Frying your Arancine  

  1. Now, it’s time to bread the arancine. Dip them in the batter, and then roll them in breadcrumbs, pressing firmly to ensure they stick. 
  2. Fill a pan with enough oil to completely submerge an arancina. This will be quite a lot of oil, so be prepared. Heat the oil to 170°C/340°F. Now, using a skimmer, carefully place the arancine into the boiling oil. You can probably cook two at the same time, depending on the size of your pan.  
  3. Be very careful not to knock the oil pan or splash yourself, as boiling oil is very dangerous! Keep small children out of the kitchen. 
  4. When the arancine are golden and crispy, transfer to a plate covered in kitchen roll. They’ll be ready to eat once they’ve cooled down a little! 

Panelle Recipe

Ingredients

500g chickpea flour
1.5 litres water
½ teaspoon salt
Pepper to taste
Parsley, finely chopped
Vegetable, peanut or sunflower oil for frying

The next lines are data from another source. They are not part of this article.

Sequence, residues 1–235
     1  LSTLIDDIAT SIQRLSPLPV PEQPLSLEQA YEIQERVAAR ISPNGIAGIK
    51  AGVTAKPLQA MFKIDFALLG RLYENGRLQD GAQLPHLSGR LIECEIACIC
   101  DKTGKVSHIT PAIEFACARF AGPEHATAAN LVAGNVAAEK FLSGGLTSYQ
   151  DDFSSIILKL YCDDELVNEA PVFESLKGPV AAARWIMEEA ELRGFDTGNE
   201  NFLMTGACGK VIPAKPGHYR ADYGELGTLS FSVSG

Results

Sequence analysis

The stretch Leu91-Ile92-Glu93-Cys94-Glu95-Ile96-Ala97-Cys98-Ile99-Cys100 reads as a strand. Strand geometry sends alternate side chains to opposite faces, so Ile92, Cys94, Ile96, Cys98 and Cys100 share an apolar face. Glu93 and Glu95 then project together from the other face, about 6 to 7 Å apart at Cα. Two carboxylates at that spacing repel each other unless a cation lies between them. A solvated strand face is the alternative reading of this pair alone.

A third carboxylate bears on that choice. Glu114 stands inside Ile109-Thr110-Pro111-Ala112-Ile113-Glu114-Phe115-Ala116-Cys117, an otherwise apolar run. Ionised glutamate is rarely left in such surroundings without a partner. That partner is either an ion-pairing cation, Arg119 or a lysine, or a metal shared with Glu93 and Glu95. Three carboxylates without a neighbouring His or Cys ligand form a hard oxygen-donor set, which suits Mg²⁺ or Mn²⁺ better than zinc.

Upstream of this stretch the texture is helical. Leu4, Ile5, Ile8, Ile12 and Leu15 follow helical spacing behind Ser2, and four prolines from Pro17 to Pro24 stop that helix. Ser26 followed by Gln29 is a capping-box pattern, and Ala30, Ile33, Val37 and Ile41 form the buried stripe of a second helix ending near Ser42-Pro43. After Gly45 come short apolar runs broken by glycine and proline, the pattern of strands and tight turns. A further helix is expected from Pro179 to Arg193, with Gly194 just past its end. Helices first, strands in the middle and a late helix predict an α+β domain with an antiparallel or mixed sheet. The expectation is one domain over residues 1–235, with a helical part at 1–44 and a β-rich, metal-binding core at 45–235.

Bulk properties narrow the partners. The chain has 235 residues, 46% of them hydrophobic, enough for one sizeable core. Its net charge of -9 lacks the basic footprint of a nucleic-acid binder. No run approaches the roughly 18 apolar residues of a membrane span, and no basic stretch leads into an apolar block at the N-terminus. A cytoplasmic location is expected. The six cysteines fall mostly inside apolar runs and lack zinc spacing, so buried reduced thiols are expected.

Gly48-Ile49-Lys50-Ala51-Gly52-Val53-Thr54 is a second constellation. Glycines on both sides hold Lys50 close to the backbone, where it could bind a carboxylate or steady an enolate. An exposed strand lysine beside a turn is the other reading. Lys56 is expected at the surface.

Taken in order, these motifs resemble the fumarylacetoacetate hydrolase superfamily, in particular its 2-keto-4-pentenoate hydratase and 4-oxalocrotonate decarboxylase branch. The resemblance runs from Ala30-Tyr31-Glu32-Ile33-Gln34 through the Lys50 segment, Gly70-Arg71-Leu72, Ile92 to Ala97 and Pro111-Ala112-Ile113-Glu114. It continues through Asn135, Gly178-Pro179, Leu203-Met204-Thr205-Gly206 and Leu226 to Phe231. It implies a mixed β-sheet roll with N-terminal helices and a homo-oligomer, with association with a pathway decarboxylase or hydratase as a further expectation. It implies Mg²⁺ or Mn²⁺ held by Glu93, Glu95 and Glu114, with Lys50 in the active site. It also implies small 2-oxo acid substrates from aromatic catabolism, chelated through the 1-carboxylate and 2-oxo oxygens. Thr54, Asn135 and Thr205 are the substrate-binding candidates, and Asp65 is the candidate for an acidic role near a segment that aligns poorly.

How to make panelle

1. In a large pan, stir the chickpea flour into the cold water until combined.

2. Add salt and pepper and beat with a whisk until smooth. 

3. Heat the mixture over a low-medium heat, until the mixture solidifies and no longer sticks to the sides of the pan. Be careful not to let it burn! While the mixture is cooking, finely chop a handful of parsley and stir it in.

5. When the mixture is ready, remove from the heat. Then, pour it directly onto a sheet of baking parchment, and cover completely with a second sheet.

6. Now, with a rolling pin, roll the mixture out between the sheets of baking parchment. When it is about 1⁄4 inch thick, put it into 2 inch squares. 

7. Heat a pan of oil to about 170°C/340°F. Make sure it is a pan with enough room for several panelle. Carefully lower the panelle squares into the oil and fry until golden a couple at a time. Once golden and crispy, remove the panelle from the oil and leave to rest on a plate lined with kitchen roll. 

8. Serve when piping hot, with a sprinkle of salt and a squeeze of lemon. 

Panelle are best enjoyed in a soft sandwich bun known as 'malafada', which are topped with sesame seeds. They are also a typical part of the Palermitan 'rosticceria', which are trays of fast food including potato 'crocchè', arancine, calzoni, pizzette, rollò... and many more. 

If you go to Palermo, you can't miss these delicious treats!